Each body paragraph should include details, examples, statistics, quotations, and any other specific information. The old adage “Show, don’t tell” certainly applies here. It is important that the student describes information in detail, with concrete backup from credible sources, rather than just “telling” about it. Remember that if any information is taken from other sources, it must be credited as an outside source.
Step 3: The Conclusion Paragraph. This paragraph can be a tough one for many students to write. Students must reiterate all of the information from the essay without being redundant, and add more information without really adding more information. How is this done: The solution for writing the conclusion paragraph is as follows:
- Restate the thesis statement. This is where the student should remind the reader of his or her opinion on the topic and restate the three supporting points. For example, for our Rocking Horse Grill essay, we might start our conclusion paragraph with the following: “Because of its delicious Mexican cuisine, convivial ambiance, and energetic staff, Rocking Horse Grill is one of the best restaurants in Chicago.”
- Lead-out. The next 2-4 sentences should lead the reader to the author’s final, conclusive remark. The student can reiterate some points about each of the body paragraphs. These sentences should, of course, contain words that are different from those used in the actual body paragraphs.
- Concluding Remark. This remark should be conclusive, strong, and perhaps profound. It should leave the reader thinking. For example, a concluding remark for our Rocking Horse Grill essay might be: “The next time you are in town, do not bother with any other restaurants since Rocking Horse Grill has it all.”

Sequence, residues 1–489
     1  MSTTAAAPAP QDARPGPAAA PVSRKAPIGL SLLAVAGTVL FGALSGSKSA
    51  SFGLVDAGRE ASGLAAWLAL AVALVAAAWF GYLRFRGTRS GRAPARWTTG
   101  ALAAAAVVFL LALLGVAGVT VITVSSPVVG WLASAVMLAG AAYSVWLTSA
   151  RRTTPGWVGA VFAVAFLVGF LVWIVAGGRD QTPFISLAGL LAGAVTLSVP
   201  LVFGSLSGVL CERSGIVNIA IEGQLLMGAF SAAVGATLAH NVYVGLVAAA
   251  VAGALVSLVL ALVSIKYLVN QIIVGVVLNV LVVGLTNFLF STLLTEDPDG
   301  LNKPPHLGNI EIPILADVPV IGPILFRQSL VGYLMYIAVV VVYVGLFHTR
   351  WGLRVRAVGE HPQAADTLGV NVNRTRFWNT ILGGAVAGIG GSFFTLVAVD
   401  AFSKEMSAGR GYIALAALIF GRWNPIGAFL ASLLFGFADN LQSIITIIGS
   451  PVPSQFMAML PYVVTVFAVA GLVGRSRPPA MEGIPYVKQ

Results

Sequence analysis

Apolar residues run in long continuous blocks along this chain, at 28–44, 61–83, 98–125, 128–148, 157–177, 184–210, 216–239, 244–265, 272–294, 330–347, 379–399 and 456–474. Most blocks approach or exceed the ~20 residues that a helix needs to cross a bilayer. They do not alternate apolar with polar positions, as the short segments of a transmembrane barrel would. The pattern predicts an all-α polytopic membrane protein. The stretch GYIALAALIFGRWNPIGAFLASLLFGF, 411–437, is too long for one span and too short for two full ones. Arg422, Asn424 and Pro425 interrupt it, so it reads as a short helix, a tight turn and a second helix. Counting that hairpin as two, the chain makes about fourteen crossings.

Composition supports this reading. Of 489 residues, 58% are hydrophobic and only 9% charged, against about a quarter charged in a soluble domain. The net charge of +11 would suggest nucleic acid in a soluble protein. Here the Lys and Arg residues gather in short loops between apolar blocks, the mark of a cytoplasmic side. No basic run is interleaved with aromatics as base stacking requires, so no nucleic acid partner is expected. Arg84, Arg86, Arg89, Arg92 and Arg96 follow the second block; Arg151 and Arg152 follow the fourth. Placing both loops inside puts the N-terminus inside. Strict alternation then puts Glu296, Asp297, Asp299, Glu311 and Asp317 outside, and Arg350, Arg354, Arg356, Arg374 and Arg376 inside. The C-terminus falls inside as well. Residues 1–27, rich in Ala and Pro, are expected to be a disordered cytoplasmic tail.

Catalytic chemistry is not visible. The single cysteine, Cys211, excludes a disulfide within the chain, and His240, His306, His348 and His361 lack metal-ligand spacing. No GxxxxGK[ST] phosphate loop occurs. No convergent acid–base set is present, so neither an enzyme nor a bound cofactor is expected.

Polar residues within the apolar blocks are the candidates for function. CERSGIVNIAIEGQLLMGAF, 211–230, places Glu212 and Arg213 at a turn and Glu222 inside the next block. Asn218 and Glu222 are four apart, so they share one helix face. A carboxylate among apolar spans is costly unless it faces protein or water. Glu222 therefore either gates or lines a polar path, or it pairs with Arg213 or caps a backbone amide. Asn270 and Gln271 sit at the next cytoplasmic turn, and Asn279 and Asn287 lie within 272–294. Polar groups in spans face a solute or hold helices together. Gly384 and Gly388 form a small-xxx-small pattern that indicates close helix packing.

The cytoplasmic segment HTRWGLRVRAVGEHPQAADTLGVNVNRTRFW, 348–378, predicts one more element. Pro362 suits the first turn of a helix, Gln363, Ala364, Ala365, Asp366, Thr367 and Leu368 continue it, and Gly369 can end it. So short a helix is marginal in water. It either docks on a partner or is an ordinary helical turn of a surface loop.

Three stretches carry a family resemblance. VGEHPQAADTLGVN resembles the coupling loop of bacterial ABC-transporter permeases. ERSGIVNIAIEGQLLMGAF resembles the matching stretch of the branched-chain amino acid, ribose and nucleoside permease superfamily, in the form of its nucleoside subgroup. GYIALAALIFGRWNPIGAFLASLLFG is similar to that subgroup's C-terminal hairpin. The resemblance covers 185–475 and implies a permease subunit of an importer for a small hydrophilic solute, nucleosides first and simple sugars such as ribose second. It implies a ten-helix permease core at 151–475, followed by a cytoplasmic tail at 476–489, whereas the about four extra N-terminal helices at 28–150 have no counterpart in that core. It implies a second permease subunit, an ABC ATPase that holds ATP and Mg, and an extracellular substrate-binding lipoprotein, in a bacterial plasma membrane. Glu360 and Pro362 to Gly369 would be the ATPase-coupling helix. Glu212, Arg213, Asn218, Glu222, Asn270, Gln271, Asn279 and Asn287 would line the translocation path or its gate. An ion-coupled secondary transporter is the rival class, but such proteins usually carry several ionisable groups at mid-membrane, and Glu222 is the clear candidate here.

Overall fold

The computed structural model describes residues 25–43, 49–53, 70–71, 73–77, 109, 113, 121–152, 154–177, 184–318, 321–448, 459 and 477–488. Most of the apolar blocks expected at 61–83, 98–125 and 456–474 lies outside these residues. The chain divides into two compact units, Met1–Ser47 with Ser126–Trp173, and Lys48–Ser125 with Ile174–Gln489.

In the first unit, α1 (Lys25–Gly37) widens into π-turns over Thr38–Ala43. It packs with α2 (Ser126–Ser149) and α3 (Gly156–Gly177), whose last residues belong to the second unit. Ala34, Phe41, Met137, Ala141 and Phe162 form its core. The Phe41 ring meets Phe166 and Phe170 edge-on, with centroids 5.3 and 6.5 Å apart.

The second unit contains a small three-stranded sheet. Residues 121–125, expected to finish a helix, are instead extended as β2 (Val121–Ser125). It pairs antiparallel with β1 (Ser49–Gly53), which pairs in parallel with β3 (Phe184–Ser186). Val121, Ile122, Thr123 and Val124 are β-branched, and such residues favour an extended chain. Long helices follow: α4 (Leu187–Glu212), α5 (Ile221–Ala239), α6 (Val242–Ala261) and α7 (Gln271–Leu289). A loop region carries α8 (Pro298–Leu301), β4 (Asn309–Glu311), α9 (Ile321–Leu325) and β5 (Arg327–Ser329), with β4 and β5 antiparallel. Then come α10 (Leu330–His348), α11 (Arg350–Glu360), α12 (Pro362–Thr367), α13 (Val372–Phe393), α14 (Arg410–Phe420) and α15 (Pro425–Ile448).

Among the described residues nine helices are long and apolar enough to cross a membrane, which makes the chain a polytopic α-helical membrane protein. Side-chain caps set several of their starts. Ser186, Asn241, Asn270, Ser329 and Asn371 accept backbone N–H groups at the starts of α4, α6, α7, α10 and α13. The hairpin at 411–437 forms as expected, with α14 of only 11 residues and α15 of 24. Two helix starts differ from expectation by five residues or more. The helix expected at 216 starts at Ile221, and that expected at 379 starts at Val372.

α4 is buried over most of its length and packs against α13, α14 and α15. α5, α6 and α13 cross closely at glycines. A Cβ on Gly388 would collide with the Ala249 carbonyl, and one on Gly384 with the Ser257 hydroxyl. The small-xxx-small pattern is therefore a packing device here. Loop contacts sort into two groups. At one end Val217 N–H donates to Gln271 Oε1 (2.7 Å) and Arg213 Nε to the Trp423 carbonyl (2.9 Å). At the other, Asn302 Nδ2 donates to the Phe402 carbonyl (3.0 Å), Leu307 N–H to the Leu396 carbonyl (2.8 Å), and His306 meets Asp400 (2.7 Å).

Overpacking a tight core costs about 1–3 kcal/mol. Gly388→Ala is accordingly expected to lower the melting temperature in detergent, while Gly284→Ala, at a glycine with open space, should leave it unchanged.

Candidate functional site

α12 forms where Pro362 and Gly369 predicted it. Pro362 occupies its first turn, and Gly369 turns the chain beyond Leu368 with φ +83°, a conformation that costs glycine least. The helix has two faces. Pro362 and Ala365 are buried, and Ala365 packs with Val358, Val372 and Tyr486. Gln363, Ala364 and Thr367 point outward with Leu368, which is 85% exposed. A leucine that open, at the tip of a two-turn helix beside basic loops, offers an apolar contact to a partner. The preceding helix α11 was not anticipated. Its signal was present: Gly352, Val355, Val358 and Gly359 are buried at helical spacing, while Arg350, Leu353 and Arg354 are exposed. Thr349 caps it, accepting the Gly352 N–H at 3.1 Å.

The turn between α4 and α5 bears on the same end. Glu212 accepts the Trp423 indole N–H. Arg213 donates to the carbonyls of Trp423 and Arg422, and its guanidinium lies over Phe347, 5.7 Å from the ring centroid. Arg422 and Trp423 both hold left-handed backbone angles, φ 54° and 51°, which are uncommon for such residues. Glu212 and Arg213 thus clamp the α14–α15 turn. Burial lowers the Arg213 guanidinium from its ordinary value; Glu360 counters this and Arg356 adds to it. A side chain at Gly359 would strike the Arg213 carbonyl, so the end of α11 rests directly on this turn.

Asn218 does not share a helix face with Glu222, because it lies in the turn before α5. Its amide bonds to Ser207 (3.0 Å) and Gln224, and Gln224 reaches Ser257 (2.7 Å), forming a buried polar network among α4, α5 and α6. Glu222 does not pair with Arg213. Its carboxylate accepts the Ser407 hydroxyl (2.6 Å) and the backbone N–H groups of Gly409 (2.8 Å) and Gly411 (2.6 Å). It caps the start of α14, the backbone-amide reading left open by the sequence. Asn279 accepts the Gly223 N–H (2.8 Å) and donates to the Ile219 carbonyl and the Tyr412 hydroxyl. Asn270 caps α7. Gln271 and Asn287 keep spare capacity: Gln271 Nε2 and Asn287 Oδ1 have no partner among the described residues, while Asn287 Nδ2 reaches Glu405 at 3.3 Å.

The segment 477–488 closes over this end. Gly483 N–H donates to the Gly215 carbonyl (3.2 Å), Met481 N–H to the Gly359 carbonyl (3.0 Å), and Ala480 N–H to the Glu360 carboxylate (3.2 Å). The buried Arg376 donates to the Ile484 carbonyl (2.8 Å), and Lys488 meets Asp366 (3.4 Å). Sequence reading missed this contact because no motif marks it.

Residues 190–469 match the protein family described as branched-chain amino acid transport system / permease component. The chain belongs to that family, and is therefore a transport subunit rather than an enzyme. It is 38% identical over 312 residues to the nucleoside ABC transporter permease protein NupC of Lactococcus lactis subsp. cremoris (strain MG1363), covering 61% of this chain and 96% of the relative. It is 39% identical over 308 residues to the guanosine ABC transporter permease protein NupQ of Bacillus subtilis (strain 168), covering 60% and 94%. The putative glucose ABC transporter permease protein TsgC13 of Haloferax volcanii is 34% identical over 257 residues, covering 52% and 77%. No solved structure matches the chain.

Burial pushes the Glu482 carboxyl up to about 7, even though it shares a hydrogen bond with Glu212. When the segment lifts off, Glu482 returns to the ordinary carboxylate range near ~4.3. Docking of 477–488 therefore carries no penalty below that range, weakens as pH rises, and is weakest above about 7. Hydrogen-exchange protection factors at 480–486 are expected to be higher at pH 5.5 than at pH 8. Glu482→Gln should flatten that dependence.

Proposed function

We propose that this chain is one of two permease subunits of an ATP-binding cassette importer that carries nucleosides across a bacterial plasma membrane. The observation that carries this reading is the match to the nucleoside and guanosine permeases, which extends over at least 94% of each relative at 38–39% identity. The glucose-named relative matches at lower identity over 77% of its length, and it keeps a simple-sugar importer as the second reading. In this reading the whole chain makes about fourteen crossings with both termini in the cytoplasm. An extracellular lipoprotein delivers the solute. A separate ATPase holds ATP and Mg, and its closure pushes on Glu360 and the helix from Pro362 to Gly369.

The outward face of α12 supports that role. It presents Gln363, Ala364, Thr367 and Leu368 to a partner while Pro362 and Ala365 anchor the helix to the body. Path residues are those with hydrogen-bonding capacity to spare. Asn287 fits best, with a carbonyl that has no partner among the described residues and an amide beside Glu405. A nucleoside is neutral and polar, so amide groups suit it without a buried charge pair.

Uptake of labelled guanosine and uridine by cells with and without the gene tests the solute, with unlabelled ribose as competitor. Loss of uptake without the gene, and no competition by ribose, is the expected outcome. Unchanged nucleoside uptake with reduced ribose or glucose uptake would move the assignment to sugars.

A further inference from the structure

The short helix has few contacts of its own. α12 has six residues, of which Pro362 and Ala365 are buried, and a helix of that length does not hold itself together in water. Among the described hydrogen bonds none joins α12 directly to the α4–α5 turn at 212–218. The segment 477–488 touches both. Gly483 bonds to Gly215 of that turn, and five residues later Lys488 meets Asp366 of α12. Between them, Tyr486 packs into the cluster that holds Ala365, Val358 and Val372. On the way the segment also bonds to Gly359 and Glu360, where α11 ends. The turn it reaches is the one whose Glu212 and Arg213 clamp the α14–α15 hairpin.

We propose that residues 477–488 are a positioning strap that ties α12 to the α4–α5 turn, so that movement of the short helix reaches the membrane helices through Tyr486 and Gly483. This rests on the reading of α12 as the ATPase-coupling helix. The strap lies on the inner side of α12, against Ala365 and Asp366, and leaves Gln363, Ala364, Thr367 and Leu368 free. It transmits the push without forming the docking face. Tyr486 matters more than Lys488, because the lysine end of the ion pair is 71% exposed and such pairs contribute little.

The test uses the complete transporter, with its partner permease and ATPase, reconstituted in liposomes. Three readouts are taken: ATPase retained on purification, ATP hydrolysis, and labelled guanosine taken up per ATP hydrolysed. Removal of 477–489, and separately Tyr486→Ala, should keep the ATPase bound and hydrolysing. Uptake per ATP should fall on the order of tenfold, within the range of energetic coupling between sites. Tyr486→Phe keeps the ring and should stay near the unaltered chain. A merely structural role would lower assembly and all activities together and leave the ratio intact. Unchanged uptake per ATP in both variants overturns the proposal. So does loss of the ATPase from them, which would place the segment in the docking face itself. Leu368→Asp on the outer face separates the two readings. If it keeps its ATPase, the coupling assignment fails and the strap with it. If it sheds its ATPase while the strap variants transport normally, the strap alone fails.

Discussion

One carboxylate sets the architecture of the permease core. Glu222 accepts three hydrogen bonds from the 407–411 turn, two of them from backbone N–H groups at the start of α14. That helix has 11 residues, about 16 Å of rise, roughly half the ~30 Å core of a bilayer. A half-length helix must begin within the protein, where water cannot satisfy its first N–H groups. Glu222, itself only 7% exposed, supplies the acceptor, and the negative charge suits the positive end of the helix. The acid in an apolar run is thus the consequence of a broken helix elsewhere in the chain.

If your child follows the above model when writing, he or she will be well on the way toward a perfect five paragraph essay. But first, to your child, a few other pointers:
- Try not to directly state your opinion. Avoid phrases like:
- “In this essay, I will talk about…”
- “I think that smoking is bad for you because” (rather, simply state “Smoking is bad for you because…”)
- “In conclusion, my essay proves…”
- Remember to use transition words when transitioning between paragraphs and between points within paragraphs. For example, at the start of your first body paragraph, you might write, “The first reason why Rocking Horse Grill is the best restaurant in town is because it offers delicious Mexican cuisine.” Between points within that paragraph, you might write, “Next, the burritos at Rocking Horse are some of the best I have ever had. They are warm, thick, and are filled with fresh ingredients. Furthermore, there is a wide variety to choose from.” The words in italics are some transition words you might use.
- Perhaps the most important advice you should follow is to always use three steps when writing: brainstorm, write, and self-check. Use the following guidelines when doing so:
- Brainstorm. Use a visual diagram, a word processor, or even a hand-written list to plan your essay. Make sure you write out your opener, your thesis statement, your three points for your body paragraph, and some details, quotes, statistics, or other specific information that you might include in each body paragraph before writing. This step sets the stage for the organization and flow of your essay.